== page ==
30/07/2002 - 22:00

Notice must be served

30/07/2002 - 22:00


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A RESIGNATION does not necessarily mean the start of a new career.

A RESIGNATION does not necessarily mean the start of a new career. Just consider the case of gun trader Graeme Yukich, who was slapped with an injunction by WA stockbroker Hartleys that delayed him from speaking to Hartleys’ clients and hiring Hartleys’ employees.

The law says that when an employee resigns he or she is required to serve a term of notice and must continue to behave with good faith and fidelity to the employer.

An employee, therefore, cannot use the office computer to set up a competing business, order business cards using the employer’s resources, or, in some cases, solicit contacts or clients gained through his or her employment – either while employed or while serving notice.

Blake Dawson Waldron partner David Parker said every employment contract included a term of notice.

He said that if the term was not written, an implied term existed, which left the courts to determine the length of reasonable notice.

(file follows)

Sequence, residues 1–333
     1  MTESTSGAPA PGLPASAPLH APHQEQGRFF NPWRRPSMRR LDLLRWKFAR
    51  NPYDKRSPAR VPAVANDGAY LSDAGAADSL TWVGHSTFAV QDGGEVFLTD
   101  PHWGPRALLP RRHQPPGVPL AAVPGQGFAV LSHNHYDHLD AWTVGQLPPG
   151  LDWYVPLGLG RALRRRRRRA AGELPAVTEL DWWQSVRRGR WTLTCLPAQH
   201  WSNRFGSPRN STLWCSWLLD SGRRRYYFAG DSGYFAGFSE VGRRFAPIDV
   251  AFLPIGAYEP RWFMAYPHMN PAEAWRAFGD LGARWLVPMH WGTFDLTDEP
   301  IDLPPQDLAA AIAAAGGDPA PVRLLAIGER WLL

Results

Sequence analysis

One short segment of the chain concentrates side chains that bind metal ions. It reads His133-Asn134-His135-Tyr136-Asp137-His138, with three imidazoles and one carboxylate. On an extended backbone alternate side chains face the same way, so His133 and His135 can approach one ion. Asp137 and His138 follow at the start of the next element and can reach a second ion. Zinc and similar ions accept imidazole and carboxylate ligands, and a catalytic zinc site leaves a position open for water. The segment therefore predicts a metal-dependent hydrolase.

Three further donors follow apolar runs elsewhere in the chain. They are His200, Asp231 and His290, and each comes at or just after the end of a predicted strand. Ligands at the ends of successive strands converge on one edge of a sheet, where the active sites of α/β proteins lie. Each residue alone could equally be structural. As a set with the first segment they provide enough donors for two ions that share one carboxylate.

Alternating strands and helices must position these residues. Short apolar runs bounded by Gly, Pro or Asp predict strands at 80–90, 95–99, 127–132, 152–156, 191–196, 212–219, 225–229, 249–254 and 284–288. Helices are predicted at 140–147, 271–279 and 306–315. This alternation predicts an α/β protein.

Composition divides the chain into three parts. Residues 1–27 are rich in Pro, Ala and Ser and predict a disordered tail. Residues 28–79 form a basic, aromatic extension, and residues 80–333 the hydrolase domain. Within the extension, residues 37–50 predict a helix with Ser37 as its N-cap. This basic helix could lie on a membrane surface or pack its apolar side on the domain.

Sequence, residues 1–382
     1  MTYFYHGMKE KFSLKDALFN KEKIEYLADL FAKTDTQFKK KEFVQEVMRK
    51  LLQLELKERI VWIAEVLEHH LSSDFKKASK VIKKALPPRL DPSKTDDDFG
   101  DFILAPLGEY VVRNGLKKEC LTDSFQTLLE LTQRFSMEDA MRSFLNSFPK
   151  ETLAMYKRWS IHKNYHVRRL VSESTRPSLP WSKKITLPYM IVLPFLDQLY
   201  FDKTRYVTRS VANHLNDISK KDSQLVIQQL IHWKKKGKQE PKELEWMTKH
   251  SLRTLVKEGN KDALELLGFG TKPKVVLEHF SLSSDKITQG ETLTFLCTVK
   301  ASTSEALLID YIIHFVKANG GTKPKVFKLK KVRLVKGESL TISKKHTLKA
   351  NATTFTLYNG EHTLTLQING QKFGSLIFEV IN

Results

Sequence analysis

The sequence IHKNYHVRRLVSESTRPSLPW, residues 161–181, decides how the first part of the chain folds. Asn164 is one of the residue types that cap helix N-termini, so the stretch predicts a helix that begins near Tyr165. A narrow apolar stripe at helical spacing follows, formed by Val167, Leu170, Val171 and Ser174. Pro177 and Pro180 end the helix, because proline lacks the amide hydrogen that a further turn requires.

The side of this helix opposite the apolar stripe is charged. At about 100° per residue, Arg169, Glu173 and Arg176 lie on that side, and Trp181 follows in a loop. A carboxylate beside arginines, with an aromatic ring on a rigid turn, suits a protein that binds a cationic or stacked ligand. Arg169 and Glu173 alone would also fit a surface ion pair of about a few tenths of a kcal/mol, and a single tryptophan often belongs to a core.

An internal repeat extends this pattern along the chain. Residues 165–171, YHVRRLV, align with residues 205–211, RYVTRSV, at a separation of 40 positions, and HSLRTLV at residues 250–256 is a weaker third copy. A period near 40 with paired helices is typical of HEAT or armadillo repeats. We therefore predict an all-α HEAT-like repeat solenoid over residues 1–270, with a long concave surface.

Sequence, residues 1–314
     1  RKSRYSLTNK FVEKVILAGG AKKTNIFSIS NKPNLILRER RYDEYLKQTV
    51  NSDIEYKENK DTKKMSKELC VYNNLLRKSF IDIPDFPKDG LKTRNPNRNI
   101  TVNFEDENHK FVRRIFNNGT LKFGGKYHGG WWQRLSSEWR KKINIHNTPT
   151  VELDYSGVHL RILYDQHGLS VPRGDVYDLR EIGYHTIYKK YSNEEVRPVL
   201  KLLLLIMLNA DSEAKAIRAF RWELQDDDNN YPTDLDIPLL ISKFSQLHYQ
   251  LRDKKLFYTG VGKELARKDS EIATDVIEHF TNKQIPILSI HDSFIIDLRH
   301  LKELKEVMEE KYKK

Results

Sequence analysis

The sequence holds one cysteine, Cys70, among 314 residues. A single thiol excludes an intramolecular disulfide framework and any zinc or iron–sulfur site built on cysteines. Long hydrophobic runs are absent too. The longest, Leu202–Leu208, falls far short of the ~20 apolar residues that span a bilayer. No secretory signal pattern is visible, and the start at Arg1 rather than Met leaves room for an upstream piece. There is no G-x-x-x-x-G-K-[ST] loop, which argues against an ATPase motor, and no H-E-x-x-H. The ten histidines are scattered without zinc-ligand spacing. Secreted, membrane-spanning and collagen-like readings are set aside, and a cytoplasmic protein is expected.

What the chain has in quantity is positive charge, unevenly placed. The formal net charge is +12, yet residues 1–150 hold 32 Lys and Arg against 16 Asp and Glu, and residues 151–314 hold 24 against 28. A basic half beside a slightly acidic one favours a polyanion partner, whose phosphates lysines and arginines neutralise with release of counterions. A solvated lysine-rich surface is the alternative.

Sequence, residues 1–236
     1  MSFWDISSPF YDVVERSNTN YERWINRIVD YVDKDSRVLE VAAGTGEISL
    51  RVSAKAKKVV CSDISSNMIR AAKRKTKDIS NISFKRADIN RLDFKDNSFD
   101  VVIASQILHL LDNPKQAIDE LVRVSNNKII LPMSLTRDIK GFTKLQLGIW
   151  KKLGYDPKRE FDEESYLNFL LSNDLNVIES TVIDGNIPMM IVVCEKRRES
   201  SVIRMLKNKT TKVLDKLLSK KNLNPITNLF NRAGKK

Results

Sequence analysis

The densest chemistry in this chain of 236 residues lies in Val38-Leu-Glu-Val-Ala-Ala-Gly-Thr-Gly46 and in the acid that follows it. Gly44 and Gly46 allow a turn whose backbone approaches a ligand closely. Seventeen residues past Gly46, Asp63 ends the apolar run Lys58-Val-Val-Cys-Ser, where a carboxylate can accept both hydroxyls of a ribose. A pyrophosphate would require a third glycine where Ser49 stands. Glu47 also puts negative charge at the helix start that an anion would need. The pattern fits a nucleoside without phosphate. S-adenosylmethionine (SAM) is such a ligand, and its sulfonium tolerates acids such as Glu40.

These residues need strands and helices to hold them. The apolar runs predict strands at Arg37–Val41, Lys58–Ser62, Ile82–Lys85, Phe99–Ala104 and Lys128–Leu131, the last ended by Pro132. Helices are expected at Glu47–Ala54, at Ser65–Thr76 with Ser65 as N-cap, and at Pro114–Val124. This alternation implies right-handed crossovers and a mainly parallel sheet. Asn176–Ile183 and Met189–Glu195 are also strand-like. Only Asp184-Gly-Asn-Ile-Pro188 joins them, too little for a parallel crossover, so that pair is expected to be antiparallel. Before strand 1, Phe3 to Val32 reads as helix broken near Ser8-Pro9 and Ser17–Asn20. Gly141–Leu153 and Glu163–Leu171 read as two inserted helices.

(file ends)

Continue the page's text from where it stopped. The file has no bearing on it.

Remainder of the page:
“The length of reasonable notice that will be implied into a contract will depend on the circumstances, including the seniority of the position, length of service and industry standards,” Mr Parker said.

“For senior managers courts have been willing to imply terms requiring six to 12 months notice.”

Mr Parker said employees should continue to work under good faith, which might also include work outside “normal” hours.

“The precise scope of the duty will depend on the nature of the position. The standard will be different for a filing clerk, as compared with a general manager,” he said.

“Generally, conduct outside of work hours will not be caught by the general duties, unless there is a sufficient connection to the employment relationship.”

The idea of “employee duty” means an employee cannot purport to work for a competitor until he or she has served the notice period, something Mr Yukich acknowledged in an apology letter to Hartleys to conclude the legal brawl over client and staff ownership.

“I also regret running an advertisement for my new business featuring individuals as being employed by that business who at the time of the advertisement, as I have been informed by Hartleys and contrary to my belief, were in fact Hartleys’ employees because although each had resigned and ceased working they had not served out their required notice period,” his letter says.


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